Road of Remembrance

November 11, 2020 · Print This Article

Standing on the seafront cliffs in Folkestone, in Kent, on a clear day, you can easily see the northern coastline of France across the Channel. Calais is the closest French town to England – just over 30 miles away. London is more than twice as far. By the Eurotunnel, it takes 35 minutes to be in Calais – 90 minutes by ferry from Dover.

On those seafront cliffs there are 19,240 pebbles, set in a large square in the grass, and each one has a number painted on it – from 1 to 19,240. The artwork by Mark Wallinger is called ‘Folk Stones’ and it lays out – in every way – the sheer number of human lives thrown at the conflict on the battlefields of France in the First World War. The number of pebbles graphically represents the number of British soldiers killed on just one day – 1st July 1916 – the first day of the Battle of the Somme.

And somewhere on the other side of the English Channel there will be other memorials; other records of French soldiers who died, and German soldiers who died. More than 1.2 million men lost their lives, or were wounded in this battle.

Folkestone was the embarkation point for millions of troops in the First World War – the beginning of their journey to fight in France. They marched down a steep hill – originally called Slope Road and renamed the Road of Remembrance in the early 1920s. The road leads to the harbour where they boarded crowded troop ships to France – for many this would have been their first time outside of England.

Each of those men hoped that they would return. The families who had said goodbye to them hoped they would return. The generals who had made the decision to send them knew that many would not return – such is the formula of war. They may have been hailed as heroes, but that is probably not how they saw themselves. Many would have been frightened – barely 18 – but frightened also to run away. The penalty for desertion was no better than what lay ahead.

A brief reading of the Old Testament – if any such reading could be described as brief – involves a catalogue of wars and armed conflicts. There would have been many families mourning the loss of their young men. Before he became king, David mourned the loss of his close friend, Jonathan, killed in battle alongside his father, King Saul. He shared the sadness of all those bereaved in war with these words:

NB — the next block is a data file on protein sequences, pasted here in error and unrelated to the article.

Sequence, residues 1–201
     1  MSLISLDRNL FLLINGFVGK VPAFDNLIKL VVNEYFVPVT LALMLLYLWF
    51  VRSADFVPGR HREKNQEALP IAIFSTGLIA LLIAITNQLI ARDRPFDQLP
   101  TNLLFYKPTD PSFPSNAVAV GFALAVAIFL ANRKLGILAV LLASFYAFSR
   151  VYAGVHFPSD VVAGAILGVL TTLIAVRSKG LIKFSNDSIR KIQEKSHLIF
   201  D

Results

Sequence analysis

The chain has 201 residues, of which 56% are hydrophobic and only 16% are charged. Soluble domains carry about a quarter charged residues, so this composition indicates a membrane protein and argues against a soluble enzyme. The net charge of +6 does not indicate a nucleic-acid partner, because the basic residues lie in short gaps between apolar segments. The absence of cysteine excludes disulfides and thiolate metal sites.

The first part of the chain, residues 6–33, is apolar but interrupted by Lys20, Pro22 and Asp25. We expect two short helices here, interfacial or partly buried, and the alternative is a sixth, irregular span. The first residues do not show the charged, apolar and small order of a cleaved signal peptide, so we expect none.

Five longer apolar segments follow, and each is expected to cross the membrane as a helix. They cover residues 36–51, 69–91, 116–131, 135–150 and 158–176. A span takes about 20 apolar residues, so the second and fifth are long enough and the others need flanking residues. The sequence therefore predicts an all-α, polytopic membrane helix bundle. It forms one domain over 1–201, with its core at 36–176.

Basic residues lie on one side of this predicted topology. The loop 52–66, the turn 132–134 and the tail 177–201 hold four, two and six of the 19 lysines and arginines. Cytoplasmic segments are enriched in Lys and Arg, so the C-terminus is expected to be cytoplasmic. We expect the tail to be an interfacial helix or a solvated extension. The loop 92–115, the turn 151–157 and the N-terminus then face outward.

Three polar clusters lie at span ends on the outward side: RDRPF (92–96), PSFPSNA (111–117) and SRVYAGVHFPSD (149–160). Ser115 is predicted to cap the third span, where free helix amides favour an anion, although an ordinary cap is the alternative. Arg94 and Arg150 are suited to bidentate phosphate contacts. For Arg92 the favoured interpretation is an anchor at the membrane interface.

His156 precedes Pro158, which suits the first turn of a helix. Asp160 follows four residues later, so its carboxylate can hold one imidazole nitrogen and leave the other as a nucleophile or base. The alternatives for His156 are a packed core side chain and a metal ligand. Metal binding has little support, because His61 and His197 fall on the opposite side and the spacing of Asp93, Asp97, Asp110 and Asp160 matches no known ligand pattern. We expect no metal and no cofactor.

“Jonathan lies slain upon your high places. I am distressed for you, my brother Jonathan; greatly beloved were you to me” (2 Samuel 1:25-26).

The Old Testament prophet Isaiah wrote of the people of his day, “The way of peace they do not know; there is no justice in their paths. They have turned them into crooked roads; no one who walks along them will know peace.” This could have been written for us today. It is sometimes hard to find peace and justice – between nations; in communities; even within families.

Isaiah also described Jesus as the ‘Prince of Peace, and Jesus drew a line in the sand regarding solving the problems of the world with armed conflict. Just prior to His arrest and crucifixion, in the Garden of Gethsemane with his disciples, Peter was ready to start a battle. He was armed and didn’t hesitate to use his sword, slicing off the ear of one of the crowd hunting down Jesus. Jesus’ healing of this dramatic injury signalled a new approach. It was a defining moment. Weapons were to be discarded. Healing would replace the inflicting of pain and injury. The world is not there yet.

The Prince of Peace tells us,  “Blessed are the peacemakers, for they shall be called the sons of God.” Whatever weapon we might choose – our harsh words, withholding a kind gesture, our silence or even physical aggression – the words of Jesus to Peter are also words to anyone who is listening: “Put away the sword”.

Maggie Mitchell

Maggie is an editor at Because

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